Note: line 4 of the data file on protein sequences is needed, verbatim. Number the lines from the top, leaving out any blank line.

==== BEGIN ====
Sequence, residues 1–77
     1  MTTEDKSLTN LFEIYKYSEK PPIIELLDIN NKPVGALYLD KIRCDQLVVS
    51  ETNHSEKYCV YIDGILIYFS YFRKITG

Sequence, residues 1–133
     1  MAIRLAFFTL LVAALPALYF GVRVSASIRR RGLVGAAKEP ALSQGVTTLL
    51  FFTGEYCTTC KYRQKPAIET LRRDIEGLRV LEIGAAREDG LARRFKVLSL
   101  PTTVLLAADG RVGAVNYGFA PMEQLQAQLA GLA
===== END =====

Sequence, residues 1–133